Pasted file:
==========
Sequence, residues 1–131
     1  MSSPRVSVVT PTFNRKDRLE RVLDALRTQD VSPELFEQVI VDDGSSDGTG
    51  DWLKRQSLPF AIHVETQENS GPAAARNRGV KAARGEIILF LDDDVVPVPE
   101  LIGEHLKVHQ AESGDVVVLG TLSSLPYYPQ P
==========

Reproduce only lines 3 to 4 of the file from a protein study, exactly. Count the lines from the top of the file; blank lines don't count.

    51  DWLKRQSLPF AIHVETQENS GPAAARNRGV KAARGEIILF LDDDVVPVPE
   101  LIGEHLKVHQ AESGDVVVLG TLSSLPYYPQ P